Health & safety in working with drones

In 2015, Abandon Normal Devices came together with Marshmallow Laser Feast and the University of Salford to embark on a research project, titled Project Daedalus. The project looks at the emerging field of ‘drone cinema’. This research is an exciting opportunity to repurpose drones for creative control creating multi-user experiences and new audience environments. As part of our drone toolkit, here is a short health and safety guide in working with drones. Find out more about Abandon Normal Devices here

Any project involving drones carries risk. Drone propellers move extremely fast, and are sharp and dangerous. There are a number of things that can go wrong, as some high-profile recent cases have shown – for example, the ‘holiday’ drone flying a mistletoe spring around a crowd at TGI Friday’s that cut the nose of a customer, or Enrique Iglesias’ recent run-in on stage with a drone that cost the performer several stitches. A thorough understanding of the risks can help you take steps to avoid them.

What sort of things can go wrong with a drone?

  • Crash due to a mechanical/electronic failure, a loss of contact between the pilot’s ground control transmitter and receiver on the aircraft. It could also crash due to unsuitable weather conditions or pilot error.
  • The aircraft could `fly away’ if control is lost between the pilot’s ground control transmitter and receiver.
  • Crash into other aircraft or into into people or structures.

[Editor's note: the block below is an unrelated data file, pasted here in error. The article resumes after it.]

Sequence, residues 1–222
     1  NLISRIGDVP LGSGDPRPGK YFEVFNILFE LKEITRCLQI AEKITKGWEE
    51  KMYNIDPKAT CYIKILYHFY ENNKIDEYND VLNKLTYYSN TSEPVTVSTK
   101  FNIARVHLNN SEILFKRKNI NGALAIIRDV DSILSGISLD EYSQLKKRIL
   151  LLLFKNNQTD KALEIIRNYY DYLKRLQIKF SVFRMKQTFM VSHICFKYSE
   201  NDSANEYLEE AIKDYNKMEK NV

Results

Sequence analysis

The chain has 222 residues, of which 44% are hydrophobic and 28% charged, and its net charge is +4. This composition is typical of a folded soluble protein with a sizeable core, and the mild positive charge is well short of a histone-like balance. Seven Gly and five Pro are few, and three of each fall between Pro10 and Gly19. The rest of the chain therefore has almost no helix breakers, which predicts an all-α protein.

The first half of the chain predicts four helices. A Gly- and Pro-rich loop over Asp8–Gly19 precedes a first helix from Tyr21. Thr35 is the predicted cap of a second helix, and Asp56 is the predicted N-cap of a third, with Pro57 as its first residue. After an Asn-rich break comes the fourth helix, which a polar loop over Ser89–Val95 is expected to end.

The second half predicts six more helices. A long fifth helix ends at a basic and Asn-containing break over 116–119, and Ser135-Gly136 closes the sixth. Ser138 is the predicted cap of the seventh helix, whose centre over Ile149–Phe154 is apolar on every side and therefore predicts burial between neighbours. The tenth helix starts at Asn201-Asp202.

How do you avoid such risks? First and foremost, by engaging a registered, qualified, insured and experienced drone operator. While there is no pilot license in the UK for drones, the CAA does recognise some training centres. You can ensure that your operator is trained and that their insurance covers the costs of flying a UAS for performance or filming.

If you are the operator, you can train, learn, practice and ensure you are familiar with all the latest drone guidance, and have appropriate license and insurance if engaging in commercial flights.

General Controls

  • Ensure that the pilot is briefed very clearly on what you plan to achieve before agreeing to hire them as there are real limitations on what can be achieved with regards to flying times, distances, locations and licensing conditions. ‘Line of sight’ guidance must be observed unless explicit permission has been obtained from the CAA.
  • UASs must be flown in line of sight of the operator.
  • UASs cannot be flown at night, in classified air space and near airports.
  • Permission must be obtained from the owner of the take-off point.
  • UASs cannot be flown within 50 meters of structures, vehicles or people that are not under the control of the person in charge of the aircraft.
  • Cannot be flown within 150 meters of a congested area or a large crowd of people. In most public spaces, where people not in your control are present, you’re unlikely to be able to use a UAV.
  • The pilot must be in a position where they cannot be pushed or jostled.
  • As a general rule the UAS’s pilot should wholly concentrate on flying and a second operator or assistant should monitor / operate any onboard camera.

 

Crowd Controls:

If you are going to have drones at an event, special measures must be taken to notify and obtain consent from audience members (see here). Performance areas must be clearly demarcated so that drones fly a safe distance from people at all times.

There is detailed advice for planning a live performance in our CREATIVE PRODUCTION area. We have included risk assessments from our own drone events as a guide below:

Risk Assessment Lab

Risk Assessment Showcase

A3 ‘Fly Doorway’ sign

A3 two copies Flying Room Signage - green - AMEND-01